Objectives: To measure older adults acceptability of dementia screening and assess screening
test results of a racially diverse sample of older primary care patients in the United States.
Design: Cross-sectional study of primary care patients aged 65 and older.
Setting: Urban and suburban primary care clinics in Indianapolis, Indiana, in 2008 to 2009.
Participants: Nine hundred fifty-four primary care patients without a documented diagnosis of dementia.
Measurements: Community Screening Instrument for Dementia, the Mini-Mental State Examination,
and the Telephone Instrument for Cognitive Screening.
Results: Of the 954 study participants who consented to participate, 748 agreed to be screened for dementia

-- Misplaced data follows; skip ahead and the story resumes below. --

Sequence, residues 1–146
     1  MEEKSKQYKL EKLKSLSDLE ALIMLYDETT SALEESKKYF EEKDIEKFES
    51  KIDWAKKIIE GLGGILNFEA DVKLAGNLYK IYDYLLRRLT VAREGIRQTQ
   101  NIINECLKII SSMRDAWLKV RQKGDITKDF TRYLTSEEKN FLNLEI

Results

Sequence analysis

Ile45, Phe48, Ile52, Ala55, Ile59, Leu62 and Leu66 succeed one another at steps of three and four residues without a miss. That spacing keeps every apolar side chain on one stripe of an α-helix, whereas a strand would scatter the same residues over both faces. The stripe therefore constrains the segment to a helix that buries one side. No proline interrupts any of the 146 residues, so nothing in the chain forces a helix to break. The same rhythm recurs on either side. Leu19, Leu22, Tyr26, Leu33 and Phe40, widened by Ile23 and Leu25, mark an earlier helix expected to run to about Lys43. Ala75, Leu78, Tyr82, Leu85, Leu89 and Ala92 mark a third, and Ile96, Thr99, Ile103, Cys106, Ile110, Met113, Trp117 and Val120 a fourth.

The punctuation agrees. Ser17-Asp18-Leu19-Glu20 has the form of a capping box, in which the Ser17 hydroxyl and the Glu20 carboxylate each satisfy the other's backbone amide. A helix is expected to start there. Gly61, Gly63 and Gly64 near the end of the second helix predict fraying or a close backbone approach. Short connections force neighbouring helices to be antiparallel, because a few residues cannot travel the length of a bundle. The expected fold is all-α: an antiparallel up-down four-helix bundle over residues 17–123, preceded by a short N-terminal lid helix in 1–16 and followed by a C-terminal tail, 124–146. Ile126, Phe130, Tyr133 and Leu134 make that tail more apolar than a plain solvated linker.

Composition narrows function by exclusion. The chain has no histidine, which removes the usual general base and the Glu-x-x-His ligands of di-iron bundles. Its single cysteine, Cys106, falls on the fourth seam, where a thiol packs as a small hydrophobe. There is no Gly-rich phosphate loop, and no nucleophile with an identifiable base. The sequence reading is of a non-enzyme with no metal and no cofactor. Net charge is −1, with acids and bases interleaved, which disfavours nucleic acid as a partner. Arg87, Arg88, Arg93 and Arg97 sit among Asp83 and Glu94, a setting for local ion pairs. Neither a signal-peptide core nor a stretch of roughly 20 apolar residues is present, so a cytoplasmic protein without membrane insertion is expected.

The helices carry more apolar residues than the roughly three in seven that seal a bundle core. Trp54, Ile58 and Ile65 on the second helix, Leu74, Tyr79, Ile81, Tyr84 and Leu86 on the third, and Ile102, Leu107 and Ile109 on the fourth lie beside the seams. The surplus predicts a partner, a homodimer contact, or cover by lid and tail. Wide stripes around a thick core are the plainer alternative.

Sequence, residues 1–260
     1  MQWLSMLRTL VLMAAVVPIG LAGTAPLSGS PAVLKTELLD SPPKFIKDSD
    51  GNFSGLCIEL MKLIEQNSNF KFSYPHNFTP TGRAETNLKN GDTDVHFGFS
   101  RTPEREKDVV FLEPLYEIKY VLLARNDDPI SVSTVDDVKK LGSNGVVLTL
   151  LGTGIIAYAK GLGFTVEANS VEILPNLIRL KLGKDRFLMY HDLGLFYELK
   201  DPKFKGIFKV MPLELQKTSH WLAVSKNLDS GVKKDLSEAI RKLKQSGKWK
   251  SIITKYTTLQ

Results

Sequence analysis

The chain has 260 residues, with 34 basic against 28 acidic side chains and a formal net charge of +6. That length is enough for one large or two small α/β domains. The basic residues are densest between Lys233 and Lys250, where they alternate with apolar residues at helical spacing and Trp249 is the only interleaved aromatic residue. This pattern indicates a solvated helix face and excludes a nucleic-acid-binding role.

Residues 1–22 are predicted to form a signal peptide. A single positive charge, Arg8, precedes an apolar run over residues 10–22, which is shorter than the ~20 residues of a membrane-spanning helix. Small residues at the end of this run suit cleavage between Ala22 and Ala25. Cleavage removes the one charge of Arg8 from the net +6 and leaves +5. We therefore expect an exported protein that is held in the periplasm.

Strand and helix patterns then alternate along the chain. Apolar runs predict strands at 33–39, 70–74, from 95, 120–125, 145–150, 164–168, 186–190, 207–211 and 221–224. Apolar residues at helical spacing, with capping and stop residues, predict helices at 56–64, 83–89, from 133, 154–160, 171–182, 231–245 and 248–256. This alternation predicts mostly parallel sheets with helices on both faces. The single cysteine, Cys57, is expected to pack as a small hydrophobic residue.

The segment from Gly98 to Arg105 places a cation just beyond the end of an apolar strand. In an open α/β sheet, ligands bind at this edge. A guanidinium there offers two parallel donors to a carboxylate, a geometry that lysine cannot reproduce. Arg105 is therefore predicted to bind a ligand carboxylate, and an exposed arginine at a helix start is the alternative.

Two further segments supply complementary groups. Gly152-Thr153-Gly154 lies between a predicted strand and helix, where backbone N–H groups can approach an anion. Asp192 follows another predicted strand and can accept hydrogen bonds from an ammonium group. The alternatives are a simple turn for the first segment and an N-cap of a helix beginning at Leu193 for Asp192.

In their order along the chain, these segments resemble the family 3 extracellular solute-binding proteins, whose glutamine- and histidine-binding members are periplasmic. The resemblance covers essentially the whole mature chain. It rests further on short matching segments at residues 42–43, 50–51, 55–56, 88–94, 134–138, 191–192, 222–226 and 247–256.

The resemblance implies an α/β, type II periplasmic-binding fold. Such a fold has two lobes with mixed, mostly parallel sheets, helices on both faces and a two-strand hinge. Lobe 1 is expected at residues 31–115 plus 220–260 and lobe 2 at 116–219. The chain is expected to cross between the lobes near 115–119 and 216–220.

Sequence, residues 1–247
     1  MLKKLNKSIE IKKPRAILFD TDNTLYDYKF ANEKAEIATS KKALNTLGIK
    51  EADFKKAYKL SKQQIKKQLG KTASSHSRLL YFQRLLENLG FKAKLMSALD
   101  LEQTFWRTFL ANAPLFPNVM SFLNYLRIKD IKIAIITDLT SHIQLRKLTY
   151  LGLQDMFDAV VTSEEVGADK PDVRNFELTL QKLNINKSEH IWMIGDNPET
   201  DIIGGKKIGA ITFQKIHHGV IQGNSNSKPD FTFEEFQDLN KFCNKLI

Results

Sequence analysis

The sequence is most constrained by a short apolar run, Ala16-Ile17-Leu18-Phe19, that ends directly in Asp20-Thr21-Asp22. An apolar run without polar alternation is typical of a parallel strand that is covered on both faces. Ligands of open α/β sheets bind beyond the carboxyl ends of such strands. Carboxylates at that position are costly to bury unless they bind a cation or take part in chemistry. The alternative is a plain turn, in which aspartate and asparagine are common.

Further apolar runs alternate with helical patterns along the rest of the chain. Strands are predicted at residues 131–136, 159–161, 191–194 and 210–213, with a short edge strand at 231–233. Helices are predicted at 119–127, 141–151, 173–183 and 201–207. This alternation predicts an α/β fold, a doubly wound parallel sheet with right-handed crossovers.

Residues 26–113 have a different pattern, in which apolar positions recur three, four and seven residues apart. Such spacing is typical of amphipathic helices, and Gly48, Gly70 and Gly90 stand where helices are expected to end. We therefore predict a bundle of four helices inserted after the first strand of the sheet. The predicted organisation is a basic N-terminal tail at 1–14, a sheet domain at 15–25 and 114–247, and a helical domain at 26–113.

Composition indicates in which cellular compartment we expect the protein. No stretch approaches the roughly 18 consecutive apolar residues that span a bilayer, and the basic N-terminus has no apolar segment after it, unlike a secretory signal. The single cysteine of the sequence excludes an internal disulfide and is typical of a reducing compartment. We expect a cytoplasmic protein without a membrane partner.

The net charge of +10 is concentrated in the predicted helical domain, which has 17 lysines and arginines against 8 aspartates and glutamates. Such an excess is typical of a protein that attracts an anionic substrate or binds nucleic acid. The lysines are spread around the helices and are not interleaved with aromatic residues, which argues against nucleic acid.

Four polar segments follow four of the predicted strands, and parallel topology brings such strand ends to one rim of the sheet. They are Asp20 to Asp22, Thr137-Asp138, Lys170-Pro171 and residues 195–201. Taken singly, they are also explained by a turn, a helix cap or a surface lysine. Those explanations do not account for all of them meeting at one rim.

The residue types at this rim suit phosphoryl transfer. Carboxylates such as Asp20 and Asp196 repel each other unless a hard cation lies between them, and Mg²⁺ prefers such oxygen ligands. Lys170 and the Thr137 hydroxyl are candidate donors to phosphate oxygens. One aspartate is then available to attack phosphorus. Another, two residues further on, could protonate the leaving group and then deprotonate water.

and 206 refused screening. The overall response rate was 78.4%. The positive screen rate of the
sample who agreed to screening was 10.2%. After adjusting for demographic differences the following
characteristics were still associated with increased likelihood of screening positive for dementia: age,
male sex, and lower education. Patients who believed that they had more memory problems than other
people of their age were also more likely to screen positive for dementia.
Conclusion: Age and perceived problems with memory are associated with screening positive for dementia
in primary care.